Anastassia Loukina(Educational Testing Service), Keelan Evanini(Educational Testing Service), Matthew Mulholland(Educational Testing Service), Ian Blood(Educational Testing Service) and Klaus Zechner(ETS)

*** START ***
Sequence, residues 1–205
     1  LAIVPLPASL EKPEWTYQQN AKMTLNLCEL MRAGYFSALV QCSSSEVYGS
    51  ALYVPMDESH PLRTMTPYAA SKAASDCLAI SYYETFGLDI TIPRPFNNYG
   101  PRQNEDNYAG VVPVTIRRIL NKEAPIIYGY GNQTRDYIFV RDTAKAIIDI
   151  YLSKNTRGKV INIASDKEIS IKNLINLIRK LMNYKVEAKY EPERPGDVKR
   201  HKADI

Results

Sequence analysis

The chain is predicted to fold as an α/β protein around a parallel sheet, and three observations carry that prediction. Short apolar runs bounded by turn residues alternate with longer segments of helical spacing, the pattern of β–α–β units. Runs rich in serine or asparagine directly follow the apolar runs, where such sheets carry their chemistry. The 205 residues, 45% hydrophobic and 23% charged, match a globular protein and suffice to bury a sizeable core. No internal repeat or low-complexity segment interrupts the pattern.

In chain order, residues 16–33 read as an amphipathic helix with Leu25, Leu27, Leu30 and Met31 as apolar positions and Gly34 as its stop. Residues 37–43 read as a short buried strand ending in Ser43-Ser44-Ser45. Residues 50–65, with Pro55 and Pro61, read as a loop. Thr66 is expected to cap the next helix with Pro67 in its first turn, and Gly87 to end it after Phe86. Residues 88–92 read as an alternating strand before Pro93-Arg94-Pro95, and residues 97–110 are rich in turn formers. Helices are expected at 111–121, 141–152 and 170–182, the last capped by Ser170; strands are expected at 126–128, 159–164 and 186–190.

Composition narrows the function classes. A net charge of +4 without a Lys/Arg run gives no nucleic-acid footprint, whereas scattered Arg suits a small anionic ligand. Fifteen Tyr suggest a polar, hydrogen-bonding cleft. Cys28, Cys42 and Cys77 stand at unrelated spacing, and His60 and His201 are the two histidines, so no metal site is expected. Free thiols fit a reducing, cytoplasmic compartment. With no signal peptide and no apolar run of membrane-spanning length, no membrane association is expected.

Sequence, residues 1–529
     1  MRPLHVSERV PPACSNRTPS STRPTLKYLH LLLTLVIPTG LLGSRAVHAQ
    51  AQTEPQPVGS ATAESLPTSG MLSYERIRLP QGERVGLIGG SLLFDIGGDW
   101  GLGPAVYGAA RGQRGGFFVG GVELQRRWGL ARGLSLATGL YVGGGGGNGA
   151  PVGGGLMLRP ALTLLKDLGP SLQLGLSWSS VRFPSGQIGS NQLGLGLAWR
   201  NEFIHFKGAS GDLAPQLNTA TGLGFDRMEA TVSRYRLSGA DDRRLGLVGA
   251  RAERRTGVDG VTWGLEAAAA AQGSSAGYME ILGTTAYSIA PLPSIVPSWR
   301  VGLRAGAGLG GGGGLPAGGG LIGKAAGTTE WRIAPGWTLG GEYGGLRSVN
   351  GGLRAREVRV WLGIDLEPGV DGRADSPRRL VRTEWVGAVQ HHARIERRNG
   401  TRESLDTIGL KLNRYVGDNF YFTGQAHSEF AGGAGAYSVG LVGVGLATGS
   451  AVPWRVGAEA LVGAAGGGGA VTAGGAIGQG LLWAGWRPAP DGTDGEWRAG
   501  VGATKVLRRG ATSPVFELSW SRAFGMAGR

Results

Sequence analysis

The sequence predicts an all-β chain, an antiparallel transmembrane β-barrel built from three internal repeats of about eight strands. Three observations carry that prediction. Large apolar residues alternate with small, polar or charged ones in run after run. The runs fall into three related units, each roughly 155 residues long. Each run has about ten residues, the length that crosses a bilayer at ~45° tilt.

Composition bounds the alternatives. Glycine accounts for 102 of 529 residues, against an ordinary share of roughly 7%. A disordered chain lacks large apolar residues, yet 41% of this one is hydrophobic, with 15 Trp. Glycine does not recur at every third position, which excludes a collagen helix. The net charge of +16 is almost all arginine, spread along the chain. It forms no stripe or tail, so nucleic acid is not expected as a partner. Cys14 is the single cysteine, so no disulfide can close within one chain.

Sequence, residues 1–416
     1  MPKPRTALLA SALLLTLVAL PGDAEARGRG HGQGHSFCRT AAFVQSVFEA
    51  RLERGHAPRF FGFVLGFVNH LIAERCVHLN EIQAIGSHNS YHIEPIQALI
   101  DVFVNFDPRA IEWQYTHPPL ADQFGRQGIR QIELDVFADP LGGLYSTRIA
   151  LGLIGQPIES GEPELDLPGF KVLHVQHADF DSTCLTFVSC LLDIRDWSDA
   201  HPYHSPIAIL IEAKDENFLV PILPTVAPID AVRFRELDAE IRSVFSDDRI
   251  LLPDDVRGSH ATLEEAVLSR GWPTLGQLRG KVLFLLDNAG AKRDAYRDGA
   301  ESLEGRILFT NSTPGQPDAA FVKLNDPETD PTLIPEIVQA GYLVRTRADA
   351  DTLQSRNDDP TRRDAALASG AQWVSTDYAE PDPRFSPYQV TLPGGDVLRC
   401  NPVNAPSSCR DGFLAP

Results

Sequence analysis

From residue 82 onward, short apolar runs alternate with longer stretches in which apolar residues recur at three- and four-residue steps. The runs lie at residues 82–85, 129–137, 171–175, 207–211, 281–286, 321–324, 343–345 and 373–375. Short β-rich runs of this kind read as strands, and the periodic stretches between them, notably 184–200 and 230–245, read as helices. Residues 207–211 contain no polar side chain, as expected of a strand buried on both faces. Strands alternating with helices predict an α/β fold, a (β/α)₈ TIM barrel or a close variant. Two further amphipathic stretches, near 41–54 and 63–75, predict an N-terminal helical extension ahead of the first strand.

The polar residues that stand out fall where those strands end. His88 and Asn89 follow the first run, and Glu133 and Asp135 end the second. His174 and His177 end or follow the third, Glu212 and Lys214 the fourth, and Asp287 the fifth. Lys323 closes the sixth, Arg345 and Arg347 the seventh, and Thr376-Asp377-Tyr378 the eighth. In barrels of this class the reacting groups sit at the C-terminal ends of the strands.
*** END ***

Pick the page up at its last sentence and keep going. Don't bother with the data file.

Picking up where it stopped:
The COVID-19 pandemic has led to a dramatic increase in the use of face masks worldwide. Face coverings can affect both acoustic properties of the signal as well as speech patterns and have unintended effects if the person wearing the mask attempts to use speech processing technologies. In this paper we explore the impact of wearing face masks on the automated assessment of English language proficiency. We use a dataset from a large-scale speaking test for which test-takers were required to wear face masks during the test administration, and we compare it to a matched control sample of test-takers who took the same test before the mask requirements were put in place. We find that the two samples differ across a range of acoustic measures and also show a small but significant difference in speech patterns. However, these differences do not lead to differences in human or automated scores of English language proficiency. Several measures of bias showed no differences in scores between the two groups.